US banks build up reserves on inflation risk, Russia; acts a bright spot

WASHINGTON, April 14 (Reuters) – Some major US banks have again started raising cash to mitigate potential loan losses due to growing concerns over the war in Ukraine and the impact of inflation on the US economy, although trade remains a bright spot for Wall Street .

JPMorgan Chase & Co (JPM.N), Goldman Sachs Group Inc (GS.N) and Citigroup Inc (CN) together put $ 3.36 billion in credit loss reserves aside in the first quarter, the banks said.

It is a reversal from the last 12 months, where lenders released reserves after COVID-19-related losses failed, signaling that lenders believe the economic recovery from that crisis may be short-lived as inflation rises and Ukraine the conflict confuses markets and dampens global growth. .

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“The prospect of higher interest rates and declining economic growth is likely to mean increased credit losses,” said Tim Ghriskey, senior portfolio strategist at Ingalls & Snyder in New York.

“Banks do not see much in the way of current economic problems, just the likelihood that weaker economic conditions are likely to develop.”

Citigroup, the most global US bank, carried the bulk of it, adding $ 1.9 billion to its reserves related to Russia’s exposure and the broader macroeconomic impact of the war. The bank’s executives said it could lose $ 2.5 to $ 3 billion on its exposure to Russia.

JPMorgan, the country’s largest lender, on Wednesday added $ 902 million to its reserves, driven by “the likelihood of downside risks due to high inflation and the war in Ukraine,” as well as taking into account Russia-associated exposure. It has said it could lose $ 1 billion on its Russia exposure over time.

Goldman also cited “macroeconomic and geopolitical concerns” among other reasons for its $ 561 million provision, saying it will take $ 300 million in the first quarter from Russia.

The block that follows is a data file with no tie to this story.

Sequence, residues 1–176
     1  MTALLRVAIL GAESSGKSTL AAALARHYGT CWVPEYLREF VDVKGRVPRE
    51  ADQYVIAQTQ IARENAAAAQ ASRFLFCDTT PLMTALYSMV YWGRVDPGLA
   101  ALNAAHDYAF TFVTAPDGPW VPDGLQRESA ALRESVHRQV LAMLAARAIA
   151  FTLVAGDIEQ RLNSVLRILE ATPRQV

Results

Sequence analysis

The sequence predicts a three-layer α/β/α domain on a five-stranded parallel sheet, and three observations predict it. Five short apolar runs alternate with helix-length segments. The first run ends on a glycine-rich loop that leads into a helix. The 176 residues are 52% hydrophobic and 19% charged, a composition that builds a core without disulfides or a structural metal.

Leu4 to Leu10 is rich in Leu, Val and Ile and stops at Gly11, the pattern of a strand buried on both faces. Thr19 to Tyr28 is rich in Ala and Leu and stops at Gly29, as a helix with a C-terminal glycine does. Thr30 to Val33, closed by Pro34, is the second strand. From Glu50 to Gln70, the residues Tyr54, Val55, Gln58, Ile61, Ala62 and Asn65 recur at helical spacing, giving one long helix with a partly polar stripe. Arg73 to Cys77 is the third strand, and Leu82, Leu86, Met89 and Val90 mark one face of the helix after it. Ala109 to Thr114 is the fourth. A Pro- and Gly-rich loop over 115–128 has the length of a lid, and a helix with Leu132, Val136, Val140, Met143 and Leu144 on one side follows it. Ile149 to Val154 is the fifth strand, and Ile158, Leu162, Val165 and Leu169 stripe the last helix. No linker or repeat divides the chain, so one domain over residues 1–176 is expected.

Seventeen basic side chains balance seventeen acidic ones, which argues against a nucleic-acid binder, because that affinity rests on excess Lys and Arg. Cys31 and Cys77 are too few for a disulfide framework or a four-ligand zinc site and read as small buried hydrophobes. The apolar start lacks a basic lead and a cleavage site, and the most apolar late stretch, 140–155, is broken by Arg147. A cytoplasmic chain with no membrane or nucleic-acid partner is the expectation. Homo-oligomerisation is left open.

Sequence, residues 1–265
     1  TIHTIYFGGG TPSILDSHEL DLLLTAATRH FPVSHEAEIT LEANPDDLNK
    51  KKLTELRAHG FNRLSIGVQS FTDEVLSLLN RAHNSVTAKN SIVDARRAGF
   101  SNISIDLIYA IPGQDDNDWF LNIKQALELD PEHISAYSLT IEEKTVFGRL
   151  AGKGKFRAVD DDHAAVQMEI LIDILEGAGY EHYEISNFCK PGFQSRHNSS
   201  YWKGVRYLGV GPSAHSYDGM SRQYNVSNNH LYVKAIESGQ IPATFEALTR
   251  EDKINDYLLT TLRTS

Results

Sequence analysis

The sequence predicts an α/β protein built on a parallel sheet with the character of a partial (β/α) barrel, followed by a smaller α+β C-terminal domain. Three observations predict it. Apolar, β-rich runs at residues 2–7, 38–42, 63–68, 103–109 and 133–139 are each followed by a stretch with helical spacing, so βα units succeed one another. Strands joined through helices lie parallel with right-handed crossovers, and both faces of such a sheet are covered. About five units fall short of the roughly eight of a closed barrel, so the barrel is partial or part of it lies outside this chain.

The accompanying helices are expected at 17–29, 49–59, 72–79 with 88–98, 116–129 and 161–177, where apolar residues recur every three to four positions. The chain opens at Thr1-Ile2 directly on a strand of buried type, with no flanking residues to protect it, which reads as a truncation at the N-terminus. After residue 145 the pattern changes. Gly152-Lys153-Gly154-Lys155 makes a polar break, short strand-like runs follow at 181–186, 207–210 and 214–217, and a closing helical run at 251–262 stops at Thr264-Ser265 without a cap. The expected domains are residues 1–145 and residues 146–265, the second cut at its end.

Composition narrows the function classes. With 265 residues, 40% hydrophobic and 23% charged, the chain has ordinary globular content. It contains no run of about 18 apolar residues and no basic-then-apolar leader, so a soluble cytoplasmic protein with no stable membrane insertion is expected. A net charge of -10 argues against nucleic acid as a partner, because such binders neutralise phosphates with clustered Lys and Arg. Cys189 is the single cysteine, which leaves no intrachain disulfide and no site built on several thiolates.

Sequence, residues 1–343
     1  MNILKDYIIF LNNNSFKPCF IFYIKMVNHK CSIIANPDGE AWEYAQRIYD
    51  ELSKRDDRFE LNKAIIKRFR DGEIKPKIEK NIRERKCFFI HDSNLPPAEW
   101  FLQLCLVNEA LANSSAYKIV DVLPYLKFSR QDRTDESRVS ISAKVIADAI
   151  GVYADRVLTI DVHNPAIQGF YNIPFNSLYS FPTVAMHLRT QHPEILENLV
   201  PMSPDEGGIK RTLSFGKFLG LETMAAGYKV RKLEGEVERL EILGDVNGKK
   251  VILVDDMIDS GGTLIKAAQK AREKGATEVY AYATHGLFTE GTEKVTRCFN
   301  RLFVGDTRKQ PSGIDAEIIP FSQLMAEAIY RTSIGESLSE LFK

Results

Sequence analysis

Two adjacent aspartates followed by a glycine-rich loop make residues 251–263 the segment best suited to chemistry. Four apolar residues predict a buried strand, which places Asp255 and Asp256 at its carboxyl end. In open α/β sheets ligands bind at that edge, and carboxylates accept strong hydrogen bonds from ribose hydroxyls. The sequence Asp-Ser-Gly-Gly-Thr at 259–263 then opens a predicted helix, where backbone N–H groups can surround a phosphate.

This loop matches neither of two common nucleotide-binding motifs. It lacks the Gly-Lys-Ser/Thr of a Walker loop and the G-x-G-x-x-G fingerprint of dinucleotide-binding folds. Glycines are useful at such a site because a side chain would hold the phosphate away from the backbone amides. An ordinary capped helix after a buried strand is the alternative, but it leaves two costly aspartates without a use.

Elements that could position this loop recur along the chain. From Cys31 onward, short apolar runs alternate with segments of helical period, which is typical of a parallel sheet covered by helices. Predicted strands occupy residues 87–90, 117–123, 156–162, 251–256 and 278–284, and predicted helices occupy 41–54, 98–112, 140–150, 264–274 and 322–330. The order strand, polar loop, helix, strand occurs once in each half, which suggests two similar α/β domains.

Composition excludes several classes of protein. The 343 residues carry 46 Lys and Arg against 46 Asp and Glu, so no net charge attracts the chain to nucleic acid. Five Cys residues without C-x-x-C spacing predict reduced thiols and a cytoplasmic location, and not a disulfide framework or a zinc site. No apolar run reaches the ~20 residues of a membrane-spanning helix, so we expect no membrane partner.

Rising inflation could put pressure on consumer spending, while aggressive Federal Reserve rate hikes aimed at curbing prices are likely to slow lending growth, analysts said.

The war in Ukraine and Western sanctions could slow global growth by more than 1% this year and add two and a half percentage points to inflation, the OECD has said. Read more

Still, some banks like Morgan Stanley N> and Wells Fargo & Co (WFC.N) have little direct exposure to Russia. Wells Fargo, a domestic-focused bank with a small capital market business, actually released $ 1.1 billion in pandemic reserves. Read more

Wells CEO Charles Scharf nevertheless warned of the economic outlook in a tone change from previous quarters, noting that rate hikes “certainly” will reduce growth. “The war in Ukraine adds further risk to the disadvantage,” he added.

Wells Fargo’s shares fell 6% and Citi’s rose almost 2%.


However, the banks’ trading business performed better than analysts had expected, as customers rejected portfolios in response to expected interest rate rises and the war. Read more

Analysts had predicted a fall in trading turnover of 10% to 15% across the board compared to 2021, when the central bank’s moves to stimulate the economy in the midst of the pandemic saw stock indices reach record highs and drive a trading bonanza across Wall Street.

Goldman Sachs said global market revenue increased 4% in the first quarter, driven by a 21% increase in interest income. Morgan Stanley’s total trading revenue fell only 6%. Banks’ share prices rose 1.3% and 2.7%, respectively. L3N2WC2E1]L3N2WC2EO

“Equities and bonds again delivered exceptional results, especially in Asia and Europe, as we supported our global clients amid a turbulent backdrop,” CEO James Gorman told analysts at a conference call.

JPMorgan also reported better-than-expected trading performance on Tuesday, with total market revenue of just 3% compared to last year. Read more

Equity insurance fees fell, however, as stock quotes dried out due to volatility. Goldman Sachs and Morgan Stanley both reported an 83% drop in equity insurance income.

The picture for the M&A consulting firm was mixed. Managers said pipelines remain healthy, but some companies are pausing transactions until markets stabilize. Some agreements entered into before the war ended in the first quarter.

Morgan Stanley said advisory revenue nearly doubled from a year ago driven by completed M&A transactions. Goldman Sachs said the revenue of its consulting firms was “essentially unchanged.”

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Additional reporting by Elizabeth Dilts and Katanga Johnson; Edited by Nick Zieminski

Our standards: Thomson Reuters Trust Principles.

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